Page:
Name: Dr Jason Rudd
Research institution: Rothamsted Research UK Plant Pathology and Microbiology, Harpenden
Research career length: 15 years
Research Council: Biotechnology and Biological Sciences Research Council (BBSRC)
Location: Harpenden, England
Brief summary of research: Investigating how to protect wheat crops against a disease causing fungus. We are trying to identify weaknesses in this fungus, which is responsible for causing disease and the resultant large economic costs.
A-levels: Biology, Chemistry and Geography
BSc in Biochemistry at University College of Wales Swansea
PhD in plant reproduction at University of Birmingham
Continuation for three years of PhD research as a postdoctoral researcher at the University of Birmingham
Further postdoctorate at the Institute for Plant Biochemistry Halle (Saale) in Germany, funded by the European Union
Project leader at Rothamsted on wheat pathology
One of the greatest challenges facing humanity is how to provide food for the planet’s growing population. With 7 billion hungry mouths to feed, and numbers growing daily, researchers like Jason Rudd are seeking to improve efficiency in the production of crops that feed the world.
Wheat is a staple part of our diet and is the third most produced cereal in the world, after maize and rice. My research looks at a particular fungal disease that affects wheat; stunting its growth and reducing the amount of food it produces. So, finding out about this fungus is potentially of huge economic importance to farmers and to the rest of us; once we know more about the biology of the fungus, we can try to prevent it from attacking crops.
I lead a team who study how the genes in the fungus behave during an infection. By seeing what happens when we turn off certain genes at different stages of the fungal infection, we are increasingly able to understand the infection process and hope to use our knowledge to develop more effective and more environmentally friendly methods of protecting these valuable crops.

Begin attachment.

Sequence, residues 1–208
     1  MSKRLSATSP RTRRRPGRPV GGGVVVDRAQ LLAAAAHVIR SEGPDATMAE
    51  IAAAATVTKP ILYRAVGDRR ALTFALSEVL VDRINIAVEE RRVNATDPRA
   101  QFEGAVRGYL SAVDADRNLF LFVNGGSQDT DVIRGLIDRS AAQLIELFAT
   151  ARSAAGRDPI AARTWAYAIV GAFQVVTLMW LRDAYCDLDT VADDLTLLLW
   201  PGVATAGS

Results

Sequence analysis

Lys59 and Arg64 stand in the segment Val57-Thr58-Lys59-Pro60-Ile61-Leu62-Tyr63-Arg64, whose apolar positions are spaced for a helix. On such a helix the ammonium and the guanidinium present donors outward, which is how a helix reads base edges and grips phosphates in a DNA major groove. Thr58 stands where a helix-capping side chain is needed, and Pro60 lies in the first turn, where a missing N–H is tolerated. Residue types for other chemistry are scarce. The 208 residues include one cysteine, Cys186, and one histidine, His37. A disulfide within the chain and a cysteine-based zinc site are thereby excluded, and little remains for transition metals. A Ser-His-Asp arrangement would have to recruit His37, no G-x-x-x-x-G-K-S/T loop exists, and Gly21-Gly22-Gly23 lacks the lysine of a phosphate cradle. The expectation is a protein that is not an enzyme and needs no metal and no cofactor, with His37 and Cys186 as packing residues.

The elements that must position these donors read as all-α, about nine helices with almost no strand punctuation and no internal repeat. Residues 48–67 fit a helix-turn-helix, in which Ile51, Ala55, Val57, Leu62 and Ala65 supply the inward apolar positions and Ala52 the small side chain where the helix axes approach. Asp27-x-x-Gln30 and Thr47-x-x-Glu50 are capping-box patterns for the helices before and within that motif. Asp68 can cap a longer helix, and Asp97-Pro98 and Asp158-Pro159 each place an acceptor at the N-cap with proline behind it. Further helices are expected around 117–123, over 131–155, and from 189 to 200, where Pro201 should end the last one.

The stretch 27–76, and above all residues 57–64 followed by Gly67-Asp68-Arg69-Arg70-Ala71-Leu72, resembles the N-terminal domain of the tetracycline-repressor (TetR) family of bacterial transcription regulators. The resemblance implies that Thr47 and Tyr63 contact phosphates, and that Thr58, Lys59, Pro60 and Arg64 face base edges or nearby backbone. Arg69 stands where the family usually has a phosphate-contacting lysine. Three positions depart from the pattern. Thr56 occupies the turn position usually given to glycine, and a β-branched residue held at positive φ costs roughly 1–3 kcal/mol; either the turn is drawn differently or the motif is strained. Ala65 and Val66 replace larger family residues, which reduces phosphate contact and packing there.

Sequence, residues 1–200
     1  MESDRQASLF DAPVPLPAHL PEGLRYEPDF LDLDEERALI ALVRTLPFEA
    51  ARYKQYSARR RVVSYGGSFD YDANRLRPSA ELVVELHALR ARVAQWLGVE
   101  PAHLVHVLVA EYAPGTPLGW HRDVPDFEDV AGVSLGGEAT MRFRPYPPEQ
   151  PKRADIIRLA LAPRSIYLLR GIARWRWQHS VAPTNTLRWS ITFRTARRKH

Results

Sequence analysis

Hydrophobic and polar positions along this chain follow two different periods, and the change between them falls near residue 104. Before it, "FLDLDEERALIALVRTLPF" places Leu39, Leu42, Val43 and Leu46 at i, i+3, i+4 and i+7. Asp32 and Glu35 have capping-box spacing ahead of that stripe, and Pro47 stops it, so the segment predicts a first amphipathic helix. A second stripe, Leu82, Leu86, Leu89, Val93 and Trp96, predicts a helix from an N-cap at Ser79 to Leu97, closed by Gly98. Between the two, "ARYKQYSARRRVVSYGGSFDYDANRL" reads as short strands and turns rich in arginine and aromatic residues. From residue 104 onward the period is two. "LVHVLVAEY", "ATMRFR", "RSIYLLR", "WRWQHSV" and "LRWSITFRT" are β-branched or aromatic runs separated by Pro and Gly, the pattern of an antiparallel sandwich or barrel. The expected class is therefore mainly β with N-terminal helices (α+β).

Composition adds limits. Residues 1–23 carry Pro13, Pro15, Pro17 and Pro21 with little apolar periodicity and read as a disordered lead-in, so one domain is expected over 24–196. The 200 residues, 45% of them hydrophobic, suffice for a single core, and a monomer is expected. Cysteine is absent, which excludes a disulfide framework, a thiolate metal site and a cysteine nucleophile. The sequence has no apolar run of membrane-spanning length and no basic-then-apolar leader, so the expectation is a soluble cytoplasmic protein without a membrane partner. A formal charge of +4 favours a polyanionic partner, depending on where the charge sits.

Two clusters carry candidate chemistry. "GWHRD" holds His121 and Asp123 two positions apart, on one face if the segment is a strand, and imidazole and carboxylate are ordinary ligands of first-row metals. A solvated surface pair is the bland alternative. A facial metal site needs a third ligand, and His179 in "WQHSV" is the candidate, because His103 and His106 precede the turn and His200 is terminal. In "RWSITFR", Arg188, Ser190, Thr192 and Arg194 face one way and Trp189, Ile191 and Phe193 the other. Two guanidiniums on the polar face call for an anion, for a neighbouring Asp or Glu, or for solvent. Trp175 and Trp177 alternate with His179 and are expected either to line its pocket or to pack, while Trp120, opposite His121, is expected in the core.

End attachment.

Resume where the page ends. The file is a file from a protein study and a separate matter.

During a typical working week, I might spend some of my time designing and carrying out experiments, writing research papers and applying for funding to take the team’s work forward. The rest of my time is taken up supervising PhD students, managing technical support staff and attending meetings, either at my research institute or elsewhere. I give frequent internal seminars, where new ideas and research findings are shared and discussed, as well as more formal presentations at scientific conferences, both in the UK and overseas.
I particularly enjoy working in a lab because it’s a very social environment, with each of us performing a smaller part of one larger team-based project. We also collaborate with teams in other institutions, and in other countries, which is why I end up travelling quite extensively - including to sunny and exotic places like California and the Canary Islands.
I was always interested in how living things worked, but didn’t have any expectation that I would become a researcher. I’m the first person in my family to have pursued an academic career, and was encouraged to study for A-levels and to apply for university, by a chemistry and physics teacher, at my comprehensive school in Morecambe, Lancashire. I studied for a BSc in Biochemistry at University College of Wales Swansea, followed by a PhD in plant reproduction at the University of Birmingham. BBSRC funding allowed me to continue my career as a postdoctoral researcher for a further three years, after which I moved to the Institute of Plant Biochemistry Halle in Germany, before returning to the UK in 2004, in my current post.
After 15 years, I’m still enthusiastic for my research, and derive great satisfaction from seeing new experimental results, having articles and papers published in scientific journals and seeing my PhD students succeed in their projects. In the future I’d like to build my team further, possibly work in another country again or maybe work for a commercial company - though I’m very happy to stay in academia too.